No autocrat ever issued an edict more destructive of the natural right to personal liberty. Not only was the state government of New York [411] deprived of the power to fulfill its obligations to protect and preserve this right of its-citizens, but every state government of the Northern states was in like manner subverted. The only distinction known among the citizens was that established by the government of the United States in answer to the question applied to each one, ‘Is he loyal or disloyal?’ The only test of loyalty was based on submission, and, as usual in such cases, the most abject in spirit were the most loyal to the usurper. All those liberties of conduct and action which stamp the true freeman everywhere throughout the world disappeared; the suppressed voice, the apprehensive look, and the cautious movements were substituted for the free speech, the open brow, and fearless tread which had characterized the American.

Another step in the subjugation of the government of the state of New York was made by the dominion over it of the military power of the government of the United States. This took place in a time of peace in the state, when the courts were all open and the civil administration of affairs was unobstructed. On July 30, 1863, the United States commanding general of that department addressed a letter to Governor Seymour, saying:

As the draft under the act of Congress of March 3, 1863, for enrolling and calling out the national forces, will probably be resumed in this city (New York) at an early day, I am desirous of knowing whether the military power of the State may be relied on to enforce the execution of the law, in case of forcible resistance to it. I am very anxious there should be perfect harmony of action between the Federal Government and that of the State of New York; and if, under your authority to see the laws faithfully executed, I can feel assured that the act referred to will be enforced, I need not ask the War Department to put at my disposal, for the purpose, troops in the service of the United States.

Governor Seymour replied on August 3d:

I have this day sent to the President of the United States a communication in relation to the draft in this State. I believe his answer will relieve you and me from the painful questions growing out of an armed enforcement of the conscription law in this patriotic State, which has contributed so largely and freely to the support of the national cause during the existing war.

On August 8th General Dix writes again:

It is my duty, as commanding officer of the troops in the service of the United States in this department, if called on by the enrolling officers, to aid them in resisting forcible opposition to the execution of the law; and it is from an earnest desire to avoid the necessity of employing for the purpose any of my forces, which have been placed here to garrison the forts and protect the public property, that I wished to see the draft enforced by the military power of the State, in case of armed or organized resistance to it. . . . I designed, if your cooperation could not be relied on, to ask the General Government for a force which should be adequate [412] to insure the execution of the law and to meet any emergency growing out of it.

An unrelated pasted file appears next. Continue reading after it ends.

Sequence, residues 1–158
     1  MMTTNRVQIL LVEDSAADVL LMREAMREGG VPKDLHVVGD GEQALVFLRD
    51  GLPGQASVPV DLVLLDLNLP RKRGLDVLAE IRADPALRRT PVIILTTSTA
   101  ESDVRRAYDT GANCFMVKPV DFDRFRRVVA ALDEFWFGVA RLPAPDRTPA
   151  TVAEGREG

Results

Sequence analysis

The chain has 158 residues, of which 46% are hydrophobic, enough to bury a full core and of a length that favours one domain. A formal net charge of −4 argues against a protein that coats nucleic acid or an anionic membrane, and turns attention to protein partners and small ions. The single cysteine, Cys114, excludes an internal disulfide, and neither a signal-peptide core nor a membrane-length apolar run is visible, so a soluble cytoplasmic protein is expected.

Meantime Governor Seymour received no answer to his letter to the President. He had asked for a suspension of the draft, on the ground that the enrollments in the city were excessive as compared with other portions of the state, and that due credit was not given for the past. He therefore replied to General Dix, saying:

As you state in your letter that it is your duty to enforce the act of Congress, and, as you apprehend its provisions may excite popular resistance, it is proposed you should know the position which will be held by the State authorities. Of course, under no circumstances, can they perform duties expressly confided to others, nor can they undertake to relieve others from their proper responsibilities. But there can be no violations of good order, or riotous proceedings, no disturbances of the public peace, which are not infractions of the laws of the State; and those laws will be enforced under all circumstances. I shall take care that all the executive officers of this State perform their duties vigorously and thoroughly, and, if need be, the military power will be called into requisition. As you are an officer of the General Government, and not of the State, it does not become me to make suggestions to you with regard to your action under a law of Congress. You will, of course, be governed by your instructions and your own views of duty.

On August 18th General Dix thus wrote to the governor:

Not having received an answer from you, I applied to the Secretary of War on the 14th inst. for a force adequate to the object. The call was promptly responded to, and I shall be ready to meet all opposition to the draft.

The force sent by the Secretary of War, to keep the peace and subjugate the sovereignty of the people, amounted to forty-two regiments and two batteries. There was no occasion for the exertion of their powers, but the wrong to the state of New York was none the less gross.

Again, the subjugation of the government of the state of New York by the domination of the military power was made still more manifest by another act on the part of the government of the United States. A spurious proclamation, seeming to have been issued by the President, calling for four hundred thousand men, by a fraudulent imposition appeared in two papers of New York City (the Journal of Commerce and the World) on the morning of May 18, 1864. It was immediately contradicted by the authorities at Washington, and orders were issued, under which the offices of these papers were entered by armed men, the property of the owners seized, the premises held by force for several days, and the publications suspended. At the same time the office of the independent telegraph line was occupied by a military force in the name of the government of the United States. The operators were taken into custody, and the proprietors of the newspapers were ordered to be arrested and imprisoned. But these orders were suspended. [413]